§ 5. Mr. Mullin
What recent discussions he has had on human rights in the Caribbean; and if he will make a statement. 
§ The Minister of State, Foreign and Commonwealth Office (Mr. Tony Lloyd)
The Foreign and Commonwealth Office made clear in its mission statement its commitment to human rights. Ministers 132 have not yet raised any specific issues, but, in accordance with instructions, our high commissioners and ambassadors regularly raise our concerns with the Governments to which they are accredited. Ministers will reinforce our message on human rights with Caribbean Ministers on suitable occasions.
§ Mr. Mullin
Is my hon. Friend aware that a suitable occasion will come up when the Foreign Secretary visits the Caribbean next month? That visit will provide him with a golden opportunity to put into practice our commitment to link respect for human rights with aid, favourable trade arrangements and debt relief. Is my hon. Friend aware that Jamaica, Trinidad and Belize are holding hundreds of people under sentence of death and are anxious to resume a big bout of hangings? Many of those people are held in appalling conditions after an often inadequate trial. Will the Foreign Secretary make it clear, when he goes to the Caribbean, that countries that seek assistance from liberal democracies will first have to clean up their act?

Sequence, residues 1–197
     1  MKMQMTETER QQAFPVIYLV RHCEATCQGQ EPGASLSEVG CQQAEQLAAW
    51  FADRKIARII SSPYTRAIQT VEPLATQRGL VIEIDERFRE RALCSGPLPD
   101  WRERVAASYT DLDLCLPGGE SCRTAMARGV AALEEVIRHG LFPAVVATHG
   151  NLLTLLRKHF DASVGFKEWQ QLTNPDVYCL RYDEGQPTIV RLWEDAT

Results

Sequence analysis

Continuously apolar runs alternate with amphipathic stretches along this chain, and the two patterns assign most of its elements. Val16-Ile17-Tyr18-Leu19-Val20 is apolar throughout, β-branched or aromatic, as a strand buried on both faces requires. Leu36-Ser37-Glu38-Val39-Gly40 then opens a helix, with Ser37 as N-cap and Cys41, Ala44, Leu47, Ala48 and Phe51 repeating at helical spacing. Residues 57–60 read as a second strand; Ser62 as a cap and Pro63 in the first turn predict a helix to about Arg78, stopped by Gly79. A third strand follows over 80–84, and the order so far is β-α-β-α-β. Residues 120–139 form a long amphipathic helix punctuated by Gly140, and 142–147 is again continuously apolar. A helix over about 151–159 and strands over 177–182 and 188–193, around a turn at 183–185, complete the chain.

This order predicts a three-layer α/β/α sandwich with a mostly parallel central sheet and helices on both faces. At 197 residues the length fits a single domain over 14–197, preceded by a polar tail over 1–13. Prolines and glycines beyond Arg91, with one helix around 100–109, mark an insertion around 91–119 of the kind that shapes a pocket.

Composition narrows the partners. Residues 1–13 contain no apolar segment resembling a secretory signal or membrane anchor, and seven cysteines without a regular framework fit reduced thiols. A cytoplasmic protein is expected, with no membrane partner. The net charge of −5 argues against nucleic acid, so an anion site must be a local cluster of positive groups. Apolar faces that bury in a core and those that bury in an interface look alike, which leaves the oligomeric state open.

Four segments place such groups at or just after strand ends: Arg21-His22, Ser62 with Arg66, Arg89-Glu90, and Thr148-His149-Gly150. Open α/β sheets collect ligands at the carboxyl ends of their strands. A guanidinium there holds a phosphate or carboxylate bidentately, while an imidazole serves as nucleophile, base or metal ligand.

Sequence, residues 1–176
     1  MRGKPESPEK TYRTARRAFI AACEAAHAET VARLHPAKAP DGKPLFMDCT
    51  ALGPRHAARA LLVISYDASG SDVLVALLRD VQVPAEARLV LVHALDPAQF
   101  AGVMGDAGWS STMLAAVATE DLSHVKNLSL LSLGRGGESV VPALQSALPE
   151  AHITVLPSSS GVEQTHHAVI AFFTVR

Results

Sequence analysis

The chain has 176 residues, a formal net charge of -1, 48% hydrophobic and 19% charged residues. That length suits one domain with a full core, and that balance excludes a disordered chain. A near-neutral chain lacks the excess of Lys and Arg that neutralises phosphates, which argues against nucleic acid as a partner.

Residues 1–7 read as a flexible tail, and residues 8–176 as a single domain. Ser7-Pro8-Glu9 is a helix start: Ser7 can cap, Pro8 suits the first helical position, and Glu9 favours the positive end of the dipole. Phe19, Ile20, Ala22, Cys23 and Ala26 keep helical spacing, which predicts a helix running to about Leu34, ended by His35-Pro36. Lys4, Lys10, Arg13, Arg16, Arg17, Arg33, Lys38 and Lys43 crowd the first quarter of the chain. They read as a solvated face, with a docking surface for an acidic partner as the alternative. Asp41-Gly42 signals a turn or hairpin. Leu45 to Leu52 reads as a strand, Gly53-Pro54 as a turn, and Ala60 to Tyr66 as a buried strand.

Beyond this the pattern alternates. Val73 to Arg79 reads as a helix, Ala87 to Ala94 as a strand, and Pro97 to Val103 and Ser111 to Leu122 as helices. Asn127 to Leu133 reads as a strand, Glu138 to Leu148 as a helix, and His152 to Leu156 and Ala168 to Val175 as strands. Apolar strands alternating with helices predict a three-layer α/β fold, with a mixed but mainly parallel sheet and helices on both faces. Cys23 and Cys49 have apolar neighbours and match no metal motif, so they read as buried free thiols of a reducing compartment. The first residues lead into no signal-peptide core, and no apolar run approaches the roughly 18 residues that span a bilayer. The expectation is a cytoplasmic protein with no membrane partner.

§ Mr. Lloyd
My right hon. Friend the Secretary of State for International Development has made it clear that human rights lie at the centre of her Department's policies as well as those of the Government. We are concerned about prison conditions in the Caribbean and the countries that my hon. Friend mentioned, but we already raise those issues on a bilateral basis. For example, I draw his attention to the recent European Union demarche in Jamaica, concerning Jamaica's decision to opt out of the optional first protocol of the international covenant on civil and political rights, where the British Government were represented. It is our view that we should press all Governments to abandon a death penalty—a change since the previous Government. We shall continue to pursue that ambition both in bilateral relationships and more generally in our dealings with states, not merely in the Caribbean but globally.
§ Mr. Ian Taylor
Although there are still concerns about human rights in Cuba, does the Minister accept that that island represents 11.5 million out of a total Caribbean population of 30 million and so it is vital that the island is brought into the world economy, despite the efforts of the United States Administration under the Helms-Burton Act? Will he confirm that he is continuing the previous Government's policy of opening up trading links with Cuba and trying to integrate it into the international community?
§ Mr. Lloyd